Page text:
Questions, more questions and finally more questions, and no answers...
It’s Time to Change How We Talk about ‘Retirement starting with the word Itself. It’s been said going down a mountain is twice as perilous as going up it, and we find the same to be true for retirement planning. For the bulk of someone’s working career, it’s straightforward as people are in saving mode and do not think about or concern themselves with the swings of the market.
As the finish line approaches — or starting line, however, you look at it — you are now faced with converting your assets into income and making sure there is enough income to last (while keeping up with inflation) over a potentially 30+ year period. Hopefully, however, with careful planning, one can go into retirement knowing that these issues have been addressed and enjoy the retirement of which they have always dreamed.
Turning 50 often can act as an important milestone for people to really take a hard look at different aspects that may impact them In our 50’s retirement is often at the forefront of our minds as we are looking at our finances. This can be an exciting aspiration, as you get closer to retirement, the “margin for error” on planning mistakes becomes less and less and the questions to ask become more critical. Here are some questions to consider asking yourself and your Financial Advisor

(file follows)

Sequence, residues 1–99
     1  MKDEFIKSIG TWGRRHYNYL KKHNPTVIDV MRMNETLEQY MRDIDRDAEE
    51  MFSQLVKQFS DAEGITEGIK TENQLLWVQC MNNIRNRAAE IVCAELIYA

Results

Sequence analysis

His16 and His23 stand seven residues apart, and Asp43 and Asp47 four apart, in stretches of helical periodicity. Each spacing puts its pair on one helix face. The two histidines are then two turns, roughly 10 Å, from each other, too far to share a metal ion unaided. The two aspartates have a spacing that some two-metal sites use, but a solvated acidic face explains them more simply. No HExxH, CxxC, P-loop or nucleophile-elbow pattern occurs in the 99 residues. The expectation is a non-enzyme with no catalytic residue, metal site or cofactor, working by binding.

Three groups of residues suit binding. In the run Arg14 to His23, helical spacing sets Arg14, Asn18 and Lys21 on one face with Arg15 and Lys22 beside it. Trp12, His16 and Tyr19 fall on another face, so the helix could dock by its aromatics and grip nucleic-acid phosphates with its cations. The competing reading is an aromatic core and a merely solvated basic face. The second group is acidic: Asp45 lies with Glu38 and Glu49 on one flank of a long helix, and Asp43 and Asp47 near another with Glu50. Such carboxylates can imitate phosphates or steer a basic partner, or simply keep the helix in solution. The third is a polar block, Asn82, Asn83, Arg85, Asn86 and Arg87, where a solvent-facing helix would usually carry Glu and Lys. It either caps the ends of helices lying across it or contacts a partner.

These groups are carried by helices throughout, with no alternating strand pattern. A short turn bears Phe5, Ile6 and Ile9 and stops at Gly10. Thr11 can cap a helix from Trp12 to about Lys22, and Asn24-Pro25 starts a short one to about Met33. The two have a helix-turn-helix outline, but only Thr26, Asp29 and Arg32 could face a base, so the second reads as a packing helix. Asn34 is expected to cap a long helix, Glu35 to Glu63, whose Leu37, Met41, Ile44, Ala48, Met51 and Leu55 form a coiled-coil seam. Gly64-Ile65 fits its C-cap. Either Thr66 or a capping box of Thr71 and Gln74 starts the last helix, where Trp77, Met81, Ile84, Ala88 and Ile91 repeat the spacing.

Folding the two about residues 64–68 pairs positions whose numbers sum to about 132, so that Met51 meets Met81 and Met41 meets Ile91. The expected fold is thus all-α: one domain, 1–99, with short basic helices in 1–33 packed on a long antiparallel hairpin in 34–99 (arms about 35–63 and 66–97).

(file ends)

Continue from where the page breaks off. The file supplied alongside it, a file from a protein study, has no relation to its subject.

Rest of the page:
1. What are my plans for retirement? Am I confident I am on the right path?
a. If I was unable to live in my current location, where would I want to go?
b. Have I considered if I could maintain a household alone if necessary?
2. Do I have enough saved for retirement? If not, with only X years left, (you fill in the X with the number of years you have to work) what course corrections must be made today?
a. Is my money in the right places? Is it diversified properly? Am I taking on more risk than I need to (or should)?
b. What are my planned sources of retirement income?
c. Do I have any sources of debt? If so, what are they?
3. What percentage of my retirement income versus expenses will be guaranteed income (pensions, Social Security, income annuities, etc.) versus drawing down assets from accounts that can fluctuate?
4. Is my estate planning up to date? Is it correct?
5. Should I have life insurance that will continue beyond retirement?
6. What type of insurance coverage do I have (life, long-term care, Medicare, Life)?
a. What might long-term care cost me down the road, and how could I handle a potentially $10,000+ per month extra bill for a couple of years, for example, if need be?
7. Is my retirement plan ready for the impact of me or my spouse dying and what the reduction in Social Security would mean for the surviving spouse?
8. Do I have a written retirement plan?
9. Am I now working with an investment planning professional?
10. When should I collect the government benefits (Social Insurance, Canada Pension, etc.)?
These are just some of the issues to consider when turning 50, or whatever age you find yourself seriously starting to consider retiring in the few years. As much emphasis is placed on saving and investing, there often are other important areas missed in planning as mentioned, such as life planning (what goals do I want to reach, what do I want to do to leave a legacy,) estate planning, life insurance and long-term care, to name a few. The earlier you start to think about these issues the better but remember it is never too late to plan. I started to plan for retirement about 11 years before I retired and was able to focus for those eight years to make my retirement what I wanted it to be.